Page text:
Mary Lawson Neff

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Mary Lawson Neff
BornDecember 4, 1862 Edit this on Wikidata
Bellwood Edit this on Wikidata
OccupationNeurologist and psychiatrist

Mary Lawson Neff (December 4, 1862 – November 1, 1945) was an American neurologist, and the first woman psychiatrist practicing in Arizona.[1]

Early life and education[edit]

Mary Lawson was born in Bellwood, Pennsylvania in 1862, the daughter of Orr E. Lawson and Mary Marshall Lawson. She earned an undergraduate degree at Wilson College.[2] She was in her thirties when she started medical school in 1896. She finished her medical degree in 1900 from the State University of Iowa, with further studies in psychology with psychologist Carl Seashore.[1]


Mary Lawson Neff briefly had a medical practice in Iowa before moving to Arizona in 1905, for her daughter's health. In 1907 she moved back east, to join the staff at Cornell Medical College's outpatient neurology clinic. She lived and worked in Massachusetts, New York,[3] and Illinois[4] then returned to Arizona, as the state's only working neurologist. During World War I she chaired the Women's Committee of the National Council of Defense in Phoenix.[5] She lobbied on behalf of the Arizona Medical Association in the state legislature for various public health issues, and helped pass the law that led to the founding of the Arizona Children's Colony. She was invited to speak to the Arizona State Teachers' Association convention in 1916.[6]

Neff was a proponent of eugenics.[7] She judged "better baby" contests,[8] consulted nationally on institutional policies,[9] and published a short book titled Mental Hygiene (1904), which mainly explored the effects of fatigue on mental and emotional health, especially in children, and recommended occupational therapy. "'Being bored' is a really depleting experience," she declared, "and if long endured is not devoid of danger to an already exhausted nervous system." And elsewhere, "The tendency to exalt the trivial, common among neurotic people, is mischievous."[10]

While living in the Southwest, Mary Lawson Neff took a side interest in Native American folklore, and collected stories from Pima and Tohono O'odham children at state schools.[11]

In 1925, Dr. Neff moved to Los Angeles, California, where she worked with the UCLA Extension and spoke to women's groups.[12] She published several more papers in the journal California and Western Medicine in 1928 and 1930, the last one showing her address as "Hotel Trinity."[13]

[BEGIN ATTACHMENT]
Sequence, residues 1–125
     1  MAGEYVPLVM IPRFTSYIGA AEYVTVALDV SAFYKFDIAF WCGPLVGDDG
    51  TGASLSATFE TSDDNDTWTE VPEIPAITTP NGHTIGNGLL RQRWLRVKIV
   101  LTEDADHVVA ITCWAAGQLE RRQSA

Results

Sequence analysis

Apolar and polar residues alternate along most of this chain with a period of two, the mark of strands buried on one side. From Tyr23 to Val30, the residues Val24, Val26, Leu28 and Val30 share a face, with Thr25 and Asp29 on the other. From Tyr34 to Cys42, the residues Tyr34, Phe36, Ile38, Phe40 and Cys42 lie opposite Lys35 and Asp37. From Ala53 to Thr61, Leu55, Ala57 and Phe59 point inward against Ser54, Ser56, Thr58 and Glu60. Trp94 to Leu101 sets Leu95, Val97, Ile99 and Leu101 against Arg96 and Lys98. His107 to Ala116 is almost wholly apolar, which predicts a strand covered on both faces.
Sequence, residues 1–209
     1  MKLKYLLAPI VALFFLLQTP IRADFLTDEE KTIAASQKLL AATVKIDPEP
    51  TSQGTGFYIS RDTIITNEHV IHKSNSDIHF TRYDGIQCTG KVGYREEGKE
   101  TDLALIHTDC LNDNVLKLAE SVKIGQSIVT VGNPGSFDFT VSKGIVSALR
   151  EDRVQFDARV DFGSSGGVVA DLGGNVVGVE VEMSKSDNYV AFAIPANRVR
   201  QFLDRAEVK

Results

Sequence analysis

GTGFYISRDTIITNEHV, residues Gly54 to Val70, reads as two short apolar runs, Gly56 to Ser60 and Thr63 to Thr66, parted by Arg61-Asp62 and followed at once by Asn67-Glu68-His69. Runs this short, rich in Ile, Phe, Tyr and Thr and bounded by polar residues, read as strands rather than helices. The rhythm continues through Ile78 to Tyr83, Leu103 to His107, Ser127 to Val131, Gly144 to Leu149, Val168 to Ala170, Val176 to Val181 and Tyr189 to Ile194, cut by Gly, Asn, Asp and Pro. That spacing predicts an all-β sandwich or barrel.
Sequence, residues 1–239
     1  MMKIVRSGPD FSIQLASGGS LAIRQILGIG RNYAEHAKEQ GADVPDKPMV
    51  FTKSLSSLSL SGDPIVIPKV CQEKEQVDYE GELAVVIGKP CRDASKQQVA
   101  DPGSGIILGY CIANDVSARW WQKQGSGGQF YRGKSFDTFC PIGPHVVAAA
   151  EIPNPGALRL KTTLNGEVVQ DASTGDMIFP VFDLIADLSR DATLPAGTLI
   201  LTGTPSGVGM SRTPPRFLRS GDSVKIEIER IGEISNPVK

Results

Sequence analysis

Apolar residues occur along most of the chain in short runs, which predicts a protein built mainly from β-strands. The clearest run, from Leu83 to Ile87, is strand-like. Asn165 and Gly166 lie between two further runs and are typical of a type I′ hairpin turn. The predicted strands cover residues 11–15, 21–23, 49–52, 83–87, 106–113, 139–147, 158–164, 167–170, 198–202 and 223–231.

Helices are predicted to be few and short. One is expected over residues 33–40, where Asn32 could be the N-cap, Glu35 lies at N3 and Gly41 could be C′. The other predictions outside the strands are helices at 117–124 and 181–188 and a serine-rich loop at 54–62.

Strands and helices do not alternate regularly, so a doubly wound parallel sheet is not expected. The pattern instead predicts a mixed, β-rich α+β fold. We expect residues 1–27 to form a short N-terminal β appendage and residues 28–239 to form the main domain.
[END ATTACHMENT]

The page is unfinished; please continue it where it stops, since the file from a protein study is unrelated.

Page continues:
Personal life[edit]

Mary Lawson married Francis Neff in 1888, in Bombay, India. They had two children, Dorothy and Philip.[2]

Dr. Neff died in 1945, age 82.[14] There is a small collection of her papers archived by the Arizona Historical Society.[1]


  1. ^ a b c Mary Lawson Neff Papers, 1885-1935, Arizona Historical Society.
  2. ^ a b John William Leonard, Woman's Who's Who of America (American Commonwealth Publishing 1914): 592.
  3. ^ "To Entertain Patients" Brooklyn Daily Eagle (May 25, 1909): 10. via Newspapers.comopen access
  4. ^ "Mary Lawson Neff Comes to Illinois" Institution Quarterly 5(1914): 21.
  5. ^ "Will Open Night School To Teach Foreigners the Rudiments of Patriotism" Mohave County Miner (September 14, 1918): 1. via Newspapers.comopen access
  6. ^ "Closing Session of Teachers Convention" Arizona Republic (April 15, 1916): 5. via Newspapers.comopen access
  7. ^ Mary Lawson Neff, "Better Babies: How Scientific Health Contests Have Made Possible Much Advancement" Arizona Public Health News 5(2)(1916): 10-13.
  8. ^ "Eminent Doctor to Referee Baby Show" Weekly Journal-Miner (September 15, 1915): 4. via Newspapers.comopen access
  9. ^ "Provide Work to Insane Patients" Des Moines Register (March 19, 1914): 3. via Newspapers.comopen access
  10. ^ Mary Lawson Neff, Mental Hygiene (Swift, 1904): 12, 23.
  11. ^ Mary L. Neff, "Pima and Papago Legends" Journal of American Folklore 25(95)(January to March 1912): 51-65.
  12. ^ "Program for Woman's Club is Outlined" Santa Ana Register (September 4, 1929): 5. via Newspapers.comopen access
  13. ^ Neff, Mary Lawson (October 1930). "The Radicular Syndrome Following Infection with Tetanus: Report of Case". California and Western Medicine. 33 (4): 742–744. PMC 1657567. PMID 18741537.
  14. ^ "California Death Index, 1940-1997" database, FamilySearch (26 November 2014), Mary Lawson Neff, 01 Nov 1945; Department of Public Health Services, Sacramento.